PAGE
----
But then, I’m a crank. I think that the only Pro Sports team (at least that I know of) with a reasonable ownership arrangement is the Green Bay Packers.

  18. #18 |  John Thacker | 


    And the NFL specifically bans any other team from using that structure.

  19. #19 |  AlgerHiss | 

    What an absolute piece of human debris Arlen Spector is. And the rest….no better.

    But what with all of this massage stuff? Jesus…..these people are really creepy.

  20. #20 |  C. S. P. Schofield | 

    #18 John Thacker

    I expect that they could be embarrassed out of that position, but it would take a lot of money and a lot of determination. So far no owner has had the motivation.

  21. #21 |  j00bz | 

    Regarding TacoCopter…

    I knew I recognized the name of its founder from somewhere. Anybody remember back in 2007 the MIT student who got thrown to the ground by an assault team at Logan Airport because she had made a nametag out of LED’s soldered to a breadboard and somebody reported that there was a girl walking around with electronics “strapped to her body”?

    Same girl. It would have been funny if it were real enough that she was still finding her creativity crushed by government whim.

  22. #22 |  Onlooker | 

    @17 C.S.P. “What I don’t get is why it is tolerated.”

    Well that’s easy. As always it’s the money and power. There are too many entrenched interests who make money and get influence, in many ways, for anything to really change in college sports. The status quo is a powerful thing, as usual.

  23. #23 |  C. S. P. Schofield | 

    #22 Onlooker,

    I get that part. I guess what annoys me is that the forces that are supposed to be interested in minority rights are not on the case. It has all the hallmarks of their favorite kind of circus; poor brown people being exploited by rich white institutions. But there are institutions and institutions, and Universities are the source of an awful lot of White Liberal power. And White Liberal Power is a Good Thing….to the Liberal establishment that the minority rights people are a part of.

  24. #24 |  croaker | 

    @6 Baltimore PD is trying to moot the ACLU lawsuit by saying “look, we changed our ways, there is a new policy.” Crap like this will mean the lawsuit will go forward.

  25. #25 |  BrianB | 

    #2 | crzyb0b:

    I have a feeling you don’t understand the difference between an earmark and pork. Or the fact that the earmarks Paul inserts are allowed by the Constitution whereas the earmarks of other congresspersons are simply political payback for the companies and industries that donate to their campaigns. Basically what Radley said but since you haven’t come back to acknowledge his retort I suspect my comment here is little more than intellectual masturbation.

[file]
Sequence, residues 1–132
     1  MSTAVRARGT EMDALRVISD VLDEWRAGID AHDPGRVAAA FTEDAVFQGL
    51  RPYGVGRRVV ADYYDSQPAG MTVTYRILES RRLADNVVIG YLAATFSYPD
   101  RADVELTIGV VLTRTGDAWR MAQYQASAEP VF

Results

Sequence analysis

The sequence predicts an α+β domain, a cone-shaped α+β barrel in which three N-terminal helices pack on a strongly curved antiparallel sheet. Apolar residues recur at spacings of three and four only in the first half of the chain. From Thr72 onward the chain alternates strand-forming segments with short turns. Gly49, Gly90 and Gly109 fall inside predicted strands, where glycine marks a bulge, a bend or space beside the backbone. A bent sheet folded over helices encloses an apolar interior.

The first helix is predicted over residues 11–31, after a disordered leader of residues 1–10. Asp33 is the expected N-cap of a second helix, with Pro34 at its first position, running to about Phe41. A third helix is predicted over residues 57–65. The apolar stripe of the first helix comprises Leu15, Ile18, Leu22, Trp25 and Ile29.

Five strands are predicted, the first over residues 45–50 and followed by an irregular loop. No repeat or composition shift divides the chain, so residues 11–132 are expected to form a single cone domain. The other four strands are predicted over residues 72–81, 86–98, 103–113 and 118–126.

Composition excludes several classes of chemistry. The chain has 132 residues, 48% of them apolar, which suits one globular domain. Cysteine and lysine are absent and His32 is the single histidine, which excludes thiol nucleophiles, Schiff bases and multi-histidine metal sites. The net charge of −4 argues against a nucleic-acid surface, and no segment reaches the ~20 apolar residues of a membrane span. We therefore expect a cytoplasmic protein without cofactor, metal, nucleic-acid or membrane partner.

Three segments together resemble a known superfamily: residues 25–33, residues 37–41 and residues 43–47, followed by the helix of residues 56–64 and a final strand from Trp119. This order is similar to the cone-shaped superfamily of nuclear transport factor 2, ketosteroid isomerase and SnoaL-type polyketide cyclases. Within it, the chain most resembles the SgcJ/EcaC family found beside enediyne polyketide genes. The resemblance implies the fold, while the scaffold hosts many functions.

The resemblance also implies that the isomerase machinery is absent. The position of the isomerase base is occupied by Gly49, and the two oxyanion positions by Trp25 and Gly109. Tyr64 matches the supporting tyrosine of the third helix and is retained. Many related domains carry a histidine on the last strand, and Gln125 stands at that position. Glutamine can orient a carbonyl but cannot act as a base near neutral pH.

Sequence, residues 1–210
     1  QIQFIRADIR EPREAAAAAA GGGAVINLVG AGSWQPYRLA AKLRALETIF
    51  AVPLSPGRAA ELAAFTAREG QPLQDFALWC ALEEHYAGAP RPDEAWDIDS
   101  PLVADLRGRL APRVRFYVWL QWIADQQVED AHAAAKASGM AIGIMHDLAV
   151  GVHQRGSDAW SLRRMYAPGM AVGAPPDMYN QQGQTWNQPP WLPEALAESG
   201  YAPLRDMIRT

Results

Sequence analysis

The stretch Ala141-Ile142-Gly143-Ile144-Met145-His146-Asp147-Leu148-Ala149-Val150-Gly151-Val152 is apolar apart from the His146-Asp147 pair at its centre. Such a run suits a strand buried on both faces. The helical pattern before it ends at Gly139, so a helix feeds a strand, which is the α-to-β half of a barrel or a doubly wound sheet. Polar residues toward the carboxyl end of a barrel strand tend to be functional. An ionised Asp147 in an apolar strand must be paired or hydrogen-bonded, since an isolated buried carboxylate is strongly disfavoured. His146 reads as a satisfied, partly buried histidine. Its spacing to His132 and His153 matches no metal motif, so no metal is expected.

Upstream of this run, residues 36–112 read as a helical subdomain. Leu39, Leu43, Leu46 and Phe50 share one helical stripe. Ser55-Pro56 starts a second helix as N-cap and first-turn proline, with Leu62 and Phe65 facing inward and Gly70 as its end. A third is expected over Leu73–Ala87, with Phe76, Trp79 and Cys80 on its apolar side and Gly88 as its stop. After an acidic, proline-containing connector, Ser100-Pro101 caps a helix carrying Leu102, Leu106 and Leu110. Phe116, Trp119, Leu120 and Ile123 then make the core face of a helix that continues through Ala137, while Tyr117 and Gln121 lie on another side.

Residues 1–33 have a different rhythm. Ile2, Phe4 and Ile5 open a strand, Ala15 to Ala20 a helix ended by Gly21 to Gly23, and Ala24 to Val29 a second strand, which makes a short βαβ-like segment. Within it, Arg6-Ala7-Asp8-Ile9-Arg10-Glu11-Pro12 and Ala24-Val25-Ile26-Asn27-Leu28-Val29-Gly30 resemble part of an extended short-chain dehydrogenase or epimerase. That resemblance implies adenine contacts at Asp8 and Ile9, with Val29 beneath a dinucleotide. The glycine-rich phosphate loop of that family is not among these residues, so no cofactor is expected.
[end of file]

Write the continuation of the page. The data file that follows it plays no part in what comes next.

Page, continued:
26. #26 |  Ken | 

    More than half the members of Congress use their positions to enrich themselves.

    This is what is expected. In fact the structure of government was designed to absorb the avarice of politicians, by separating powers and setting the branches as checks on each other. But mostly by limiting the power of the government, which many people today think is laughable. Often, I hear “Of course, the federal government should run the Social Security program. Of course, the government should run Medicare and Medicaid. Of course, the government should run these programs despite the constitution not giving it that authority and the tenth amendment explicitly limiting government power to that enumerated in the constitution.” These same people are shocked, SHOCKED, that the government then uses these powers to do something they don’t like.

    The greed of men is to be expected in politicians. Giving up liberty and power to politicians you trust is just stupid, since the politician you trust will likely be replaced by someone you don’t.

    All you republicans who gladly handed over power to Bush, are you glad that Obama now has that power?

    All you democrats who are gladly handing over power to Obama, are you going to be glad that a republican president will have that power?

  27. #27 |  SJE | 

    re NCAA. The “not a state actor” defense reminds me of the exemption from laws that unions and religious institutions demand for themselves: founded on a good idea, pushed to ridiculous limits.

    Joe Nocera deserves a Pulitzer for the work he has been doing on this topic for so long.

    Why do we even NEED an NCAA? Most of the rest of the world has very competitive farm systems without the abuses of the NCAA, without having it linked to education. Some also do it without explicit state support (e.g. most professional sports in Australia, a country with a strong record of sporting success).

  28. #28 |  EBL | 

    Rick Santorum says George Zimmerman was “malicious.” How can Santorum say that? I do not know if Zimmerman was malicious or not. There are not enough facts to know that yet. I know he should be presumed innocent.

  29. #29 |  supergee | 

    If only the man who saved us from Eros were here to save us from that comparable smut you linked to.

  30. #30 |  johnl | 

    The NCAA is fundamentally dishonest and abusive because it’s run by universities, which are fundamentally dishonest and abusive.

  31. #31 |  CyniCAl | 

    •The NCAA is really an awful, tyrannical organization.

    Well, of course it is. It’s a state actor. It is an institution, and the first rule of institutions is that institutions must defend themselves at all costs. It’s that sovereignty thing.

    All State institutions are awful and tyrannical. It is the violence inherent in the system.